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Outliers: The Story of Success by Malcolm Gladwell

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Ever wondered what makes successful people successful?

If you think it’s down to the Bill Gates’ of this world having some kind of special gift, or that they have a particularly driven personality to help them to make billions, think again.

As Gladwell points out, “the biggest misconception about success is that we do it solely on our smarts, ambition, hustle and hard work”.

According to the book, we need to stop focussing on the character traits of individuals, and instead look at their background, the opportunities they’ve been given and the way they have responded to them.

The first thing this book taught me is that not all patterns are obvious.

As a digital product manager, my job involves insight – I have to look for patterns and opportunities in data, every day. The way that Malcolm Gladwell explores how success comes about has completely reverse-engineered that for me. The book made me realise how agile your thinking has to be, in order to spot opportunities.

It also made me think about things from a leadership perspective. There are a lot of people with capability who never get to realise their potential. Why is that? How can we change the way we do things to get the best out of everyone?

You might have an amazingly creative person in your team, but you never get to hear their ideas because they’re more introverted. How do you start to weave in opportunities to encourage them to speak up naturally, rather than forcing them and making them feel uncomfortable?

I play a lot of team sports, so I started thinking about how this applies outside of work, too – how do I make sure everyone gets a fair crack at things?

Success isn’t simply a case of working hard to achieve your dreams. Sometimes there are circumstances outside of your control

In his book, Gladwell discusses how the Canadian ice hockey team was losing potential talent because of the way it was set up. The academy selection process meant that only those born in the first quarter of the year had any real chance of success. So no matter how hard they worked, some kids would never make the grade in time to play professionally, simply because they were born too late in the year.

I can relate to that, having played rugby for most of my life. When I reached the stage where I might get selected to train professionally, I realised that as a sport dominated by private schools, a lot of the selection process is based on where you come from, so I eventually came to the end of the road.

But it’s not all bad…

Circumstances can also work in your favour. Bill Gates’ parents were successful, so could afford to send him to a good school. And luckily for him, he went to Lakeside – Seattle’s most elite private school.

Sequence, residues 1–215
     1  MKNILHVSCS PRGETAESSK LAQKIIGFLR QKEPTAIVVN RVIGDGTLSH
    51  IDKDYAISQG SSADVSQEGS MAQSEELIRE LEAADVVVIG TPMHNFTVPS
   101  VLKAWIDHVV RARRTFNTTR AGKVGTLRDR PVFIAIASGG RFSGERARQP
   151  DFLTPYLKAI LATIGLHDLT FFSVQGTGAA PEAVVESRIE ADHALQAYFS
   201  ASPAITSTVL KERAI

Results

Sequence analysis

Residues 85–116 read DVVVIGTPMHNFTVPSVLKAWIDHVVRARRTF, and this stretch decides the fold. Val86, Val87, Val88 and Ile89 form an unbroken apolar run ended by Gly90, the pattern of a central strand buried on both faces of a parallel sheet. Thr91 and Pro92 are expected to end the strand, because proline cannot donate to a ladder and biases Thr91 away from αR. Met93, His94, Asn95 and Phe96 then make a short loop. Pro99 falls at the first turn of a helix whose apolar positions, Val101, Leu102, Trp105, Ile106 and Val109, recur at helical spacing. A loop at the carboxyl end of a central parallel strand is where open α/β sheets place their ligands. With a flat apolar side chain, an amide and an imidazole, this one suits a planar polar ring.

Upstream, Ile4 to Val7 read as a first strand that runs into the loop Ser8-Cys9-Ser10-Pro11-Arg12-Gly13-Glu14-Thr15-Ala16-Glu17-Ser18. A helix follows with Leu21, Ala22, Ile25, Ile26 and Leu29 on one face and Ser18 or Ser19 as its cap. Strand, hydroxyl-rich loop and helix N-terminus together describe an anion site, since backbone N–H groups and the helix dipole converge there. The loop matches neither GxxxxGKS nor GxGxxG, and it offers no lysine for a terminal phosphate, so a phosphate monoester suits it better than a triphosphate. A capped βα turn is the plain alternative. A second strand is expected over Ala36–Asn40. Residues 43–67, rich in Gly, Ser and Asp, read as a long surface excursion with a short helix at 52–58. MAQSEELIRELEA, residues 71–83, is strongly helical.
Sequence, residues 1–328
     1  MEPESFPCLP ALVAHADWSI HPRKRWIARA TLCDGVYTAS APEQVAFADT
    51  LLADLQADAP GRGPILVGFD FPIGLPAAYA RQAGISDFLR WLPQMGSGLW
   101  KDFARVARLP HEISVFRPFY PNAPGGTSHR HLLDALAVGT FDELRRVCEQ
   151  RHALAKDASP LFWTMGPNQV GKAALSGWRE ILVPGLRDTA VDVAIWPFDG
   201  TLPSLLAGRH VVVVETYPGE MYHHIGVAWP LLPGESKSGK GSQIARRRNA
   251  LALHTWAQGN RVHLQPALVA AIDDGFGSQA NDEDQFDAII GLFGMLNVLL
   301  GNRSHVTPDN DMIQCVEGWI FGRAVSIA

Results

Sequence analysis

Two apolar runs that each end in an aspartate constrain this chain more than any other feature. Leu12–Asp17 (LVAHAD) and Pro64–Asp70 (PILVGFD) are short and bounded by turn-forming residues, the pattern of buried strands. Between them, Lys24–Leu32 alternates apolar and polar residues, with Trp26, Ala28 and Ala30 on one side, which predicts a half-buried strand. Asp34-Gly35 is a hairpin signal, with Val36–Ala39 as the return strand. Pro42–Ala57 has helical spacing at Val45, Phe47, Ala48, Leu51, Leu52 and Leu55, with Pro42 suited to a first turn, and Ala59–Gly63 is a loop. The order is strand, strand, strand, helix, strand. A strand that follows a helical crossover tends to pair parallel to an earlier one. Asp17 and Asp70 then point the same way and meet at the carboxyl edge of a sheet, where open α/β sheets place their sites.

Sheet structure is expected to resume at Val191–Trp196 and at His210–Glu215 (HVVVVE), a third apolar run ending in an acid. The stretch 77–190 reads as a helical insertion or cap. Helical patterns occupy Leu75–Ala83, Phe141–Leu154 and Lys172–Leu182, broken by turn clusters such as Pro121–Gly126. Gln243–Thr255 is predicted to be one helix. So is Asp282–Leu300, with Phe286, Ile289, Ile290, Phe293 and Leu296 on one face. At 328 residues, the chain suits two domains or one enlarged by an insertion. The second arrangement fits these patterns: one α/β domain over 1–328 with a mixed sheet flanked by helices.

Self-programming was new at the time, and Gates had unparalleled access to computers – the chance to explore the technical world and build systems. This gave him a huge advantage over those who perhaps had the same capabilities, but didn’t have the opportunity.

 Talent alone won’t get you where you need to go – you need purposeful practice to really excel

In addition to his engaging story telling and real-life examples, what really resonated for me is the idea that talent alone won’t get you where you need to go – you need purposeful practice to really excel.

The idea that you can achieve success if you put enough practice in – ten thousand hours to be precise – is attributed to Gladwell. So even if you started young or got a lucky foot in the door, you still have to put in the hours to achieve success.

Tiger Woods deliberately practiced the more difficult shots. He kept pushing himself to make sure he left nothing to chance. Because as they say in sport – hard work only beats talent when talent doesn’t work hard.

You also need to be prepared to take advantage of the unplanned opportunities that come your way. The difference between normality and greatness could be a sequence of events that you have little to no control over.

Changing my working environment

My personal takeaway was to consider what type of leader I want to be and the culture I’d like to create.

I reflected on my own experiences: The nature of my environment at school was to speak your mind, pitch up. Nobody was going to encourage you or listen, so you had to look after yourself or miss out. As a result, I’m more than happy to pitch in with an opinion, get involved, or put my hand up.

Through working in different departments and playing sports with various teams, I’ve met a lot of people who were maybe a bit quieter, but when they did speak, I realised that they spoke with authority and people would stop and listen.

Shiny happy people

So I’ve been thinking about how can I give space to other people, encourage them to put themselves forward and take advantage of opportunities.

It’s easy to just focus on what you need to do, to concentrate on making sure your own input is really good. But it’s important that everybody has an equal opportunity to shine.

Moving into looking after the team, albeit temporarily, I plan to do what I can to make sure that everybody can say “I’ve got no barriers, I’ve got access to opportunity, I can just get on with being brilliant.” Then I can focus on things that they need help with, rather than things that are outside of their control.

Even on a small level, if I can have a positive impact on people in my immediate working environment, then we’re all one step closer to being more successful.